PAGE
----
Date of Award

1990

Document Type

Dissertation

Degree Name

Doctor of Philosophy (PhD)

Department

History

First Advisor

Burl Noggle

Abstract

During the Great Depression artists working in programs funded by the federal government roamed the nation wielding brushes, jotting notes, and pointing cameras in an attempt to define and characterize American society. Never before and not since has this country conducted so intensive a survey of itself, or one so controversial. Federal patronage of the arts occurred during an anxious period of political and cultural turmoil, a turmoil inherent in the story of the Arts Projects themselves. The very structure, organization, composition, execution, and objectives of the arts agencies mirror the tensions of the age. The artists' selection or avoidance of subjects, even the manner by which the fruits of their labors were disseminated among the American people, reflects the turbulence of the 1930s. Nowhere is this more evident than in Huey Long's Louisiana, where the government art program recorded some of its greatest achievements and most bitter disappointments. This dissertation is an interdisciplinary analysis of four federal programs in Louisiana, a state then undergoing rapid political and social transformation. Each of the projects, individually and collectively, not only provides a valuable glimpse into the character of American society in crisis, but also addresses many of the enduring questions of this Republic.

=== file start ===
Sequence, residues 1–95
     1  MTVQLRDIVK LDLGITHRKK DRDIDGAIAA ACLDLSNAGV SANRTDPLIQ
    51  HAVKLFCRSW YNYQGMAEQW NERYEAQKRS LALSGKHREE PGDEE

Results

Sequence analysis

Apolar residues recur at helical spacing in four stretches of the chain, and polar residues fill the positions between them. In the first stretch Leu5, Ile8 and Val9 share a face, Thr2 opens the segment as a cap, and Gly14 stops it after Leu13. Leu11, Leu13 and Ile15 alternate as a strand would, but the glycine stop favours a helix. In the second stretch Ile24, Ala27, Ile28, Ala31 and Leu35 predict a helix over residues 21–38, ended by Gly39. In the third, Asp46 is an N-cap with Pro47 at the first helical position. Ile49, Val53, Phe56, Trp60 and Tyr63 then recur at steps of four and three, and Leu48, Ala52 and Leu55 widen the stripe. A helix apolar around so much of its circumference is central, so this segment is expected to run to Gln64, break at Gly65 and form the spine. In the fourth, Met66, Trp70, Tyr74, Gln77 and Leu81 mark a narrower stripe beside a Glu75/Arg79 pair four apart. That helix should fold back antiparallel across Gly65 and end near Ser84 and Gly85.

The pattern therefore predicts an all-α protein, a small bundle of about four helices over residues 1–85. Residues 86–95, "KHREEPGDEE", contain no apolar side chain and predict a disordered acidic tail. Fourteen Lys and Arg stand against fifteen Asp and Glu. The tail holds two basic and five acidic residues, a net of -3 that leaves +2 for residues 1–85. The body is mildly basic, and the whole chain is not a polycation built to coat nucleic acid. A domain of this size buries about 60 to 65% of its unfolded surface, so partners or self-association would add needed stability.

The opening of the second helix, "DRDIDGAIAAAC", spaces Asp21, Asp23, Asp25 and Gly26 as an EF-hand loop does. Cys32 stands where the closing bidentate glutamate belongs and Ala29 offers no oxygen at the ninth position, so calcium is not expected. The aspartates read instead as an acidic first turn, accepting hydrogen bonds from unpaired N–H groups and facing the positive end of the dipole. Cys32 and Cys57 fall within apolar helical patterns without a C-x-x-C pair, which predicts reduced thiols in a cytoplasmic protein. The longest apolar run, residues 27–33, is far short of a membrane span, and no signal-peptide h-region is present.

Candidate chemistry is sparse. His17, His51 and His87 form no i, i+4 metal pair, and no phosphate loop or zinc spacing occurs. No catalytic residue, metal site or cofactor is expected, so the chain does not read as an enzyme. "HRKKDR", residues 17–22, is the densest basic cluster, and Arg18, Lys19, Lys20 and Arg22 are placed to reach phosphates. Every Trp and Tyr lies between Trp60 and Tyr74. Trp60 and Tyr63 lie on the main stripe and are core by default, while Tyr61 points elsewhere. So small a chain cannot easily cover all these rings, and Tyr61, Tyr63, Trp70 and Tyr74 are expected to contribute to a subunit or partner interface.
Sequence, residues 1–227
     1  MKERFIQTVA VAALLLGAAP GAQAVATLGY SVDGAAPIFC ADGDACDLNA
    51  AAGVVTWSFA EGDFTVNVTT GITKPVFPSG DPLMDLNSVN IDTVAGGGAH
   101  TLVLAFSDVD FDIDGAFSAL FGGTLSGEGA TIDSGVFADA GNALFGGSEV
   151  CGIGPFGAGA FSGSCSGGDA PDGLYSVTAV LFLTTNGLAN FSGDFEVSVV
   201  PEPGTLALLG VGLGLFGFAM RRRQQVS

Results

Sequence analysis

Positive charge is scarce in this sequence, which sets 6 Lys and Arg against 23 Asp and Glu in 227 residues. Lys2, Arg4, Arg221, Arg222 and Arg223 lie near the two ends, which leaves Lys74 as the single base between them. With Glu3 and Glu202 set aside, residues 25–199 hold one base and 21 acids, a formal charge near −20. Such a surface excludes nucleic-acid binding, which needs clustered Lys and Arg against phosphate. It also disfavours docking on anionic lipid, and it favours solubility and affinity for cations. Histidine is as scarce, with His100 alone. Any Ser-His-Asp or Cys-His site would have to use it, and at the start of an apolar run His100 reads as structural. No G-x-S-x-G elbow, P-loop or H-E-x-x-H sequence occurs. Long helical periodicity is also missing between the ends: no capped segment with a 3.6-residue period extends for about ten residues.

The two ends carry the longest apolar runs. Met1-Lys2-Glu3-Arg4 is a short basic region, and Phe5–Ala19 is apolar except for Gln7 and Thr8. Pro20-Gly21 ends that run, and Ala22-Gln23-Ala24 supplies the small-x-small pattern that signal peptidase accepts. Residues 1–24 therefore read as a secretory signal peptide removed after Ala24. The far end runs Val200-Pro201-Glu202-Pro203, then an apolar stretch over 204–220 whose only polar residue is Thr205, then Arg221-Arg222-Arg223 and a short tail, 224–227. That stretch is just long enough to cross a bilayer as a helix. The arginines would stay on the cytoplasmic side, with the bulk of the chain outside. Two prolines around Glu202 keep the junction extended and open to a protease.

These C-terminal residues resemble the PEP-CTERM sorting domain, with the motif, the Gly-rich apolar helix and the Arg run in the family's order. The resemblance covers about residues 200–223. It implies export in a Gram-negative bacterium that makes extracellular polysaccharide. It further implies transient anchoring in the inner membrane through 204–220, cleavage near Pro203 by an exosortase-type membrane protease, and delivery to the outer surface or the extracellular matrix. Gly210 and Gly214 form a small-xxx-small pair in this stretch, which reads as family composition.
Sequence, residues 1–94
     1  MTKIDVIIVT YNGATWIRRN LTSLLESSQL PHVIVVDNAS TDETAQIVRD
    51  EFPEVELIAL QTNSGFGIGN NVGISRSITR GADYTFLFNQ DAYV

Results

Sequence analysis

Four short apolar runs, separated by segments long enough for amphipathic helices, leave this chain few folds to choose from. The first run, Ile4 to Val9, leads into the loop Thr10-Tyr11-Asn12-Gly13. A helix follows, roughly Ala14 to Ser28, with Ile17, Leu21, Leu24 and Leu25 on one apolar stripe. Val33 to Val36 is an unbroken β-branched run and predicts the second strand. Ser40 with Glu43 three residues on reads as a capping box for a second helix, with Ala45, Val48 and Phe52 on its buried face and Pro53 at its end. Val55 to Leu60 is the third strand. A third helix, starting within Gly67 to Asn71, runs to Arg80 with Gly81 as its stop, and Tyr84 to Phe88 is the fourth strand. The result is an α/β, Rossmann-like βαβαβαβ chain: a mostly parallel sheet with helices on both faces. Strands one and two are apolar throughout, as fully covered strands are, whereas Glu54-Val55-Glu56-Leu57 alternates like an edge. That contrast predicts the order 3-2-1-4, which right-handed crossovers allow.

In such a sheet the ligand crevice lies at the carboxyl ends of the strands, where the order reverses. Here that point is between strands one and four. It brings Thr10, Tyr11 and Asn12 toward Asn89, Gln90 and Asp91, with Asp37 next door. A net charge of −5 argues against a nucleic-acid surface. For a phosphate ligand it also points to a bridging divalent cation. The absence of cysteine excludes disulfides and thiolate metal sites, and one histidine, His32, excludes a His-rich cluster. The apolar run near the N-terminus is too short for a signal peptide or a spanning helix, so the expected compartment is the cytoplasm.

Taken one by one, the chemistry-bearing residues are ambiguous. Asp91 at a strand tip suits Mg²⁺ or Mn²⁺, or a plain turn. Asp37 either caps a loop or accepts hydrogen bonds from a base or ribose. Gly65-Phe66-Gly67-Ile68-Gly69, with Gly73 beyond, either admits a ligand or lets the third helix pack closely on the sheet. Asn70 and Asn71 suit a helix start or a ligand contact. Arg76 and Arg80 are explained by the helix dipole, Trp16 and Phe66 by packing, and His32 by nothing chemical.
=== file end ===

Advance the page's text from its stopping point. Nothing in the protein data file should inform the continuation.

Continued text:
Pages

456

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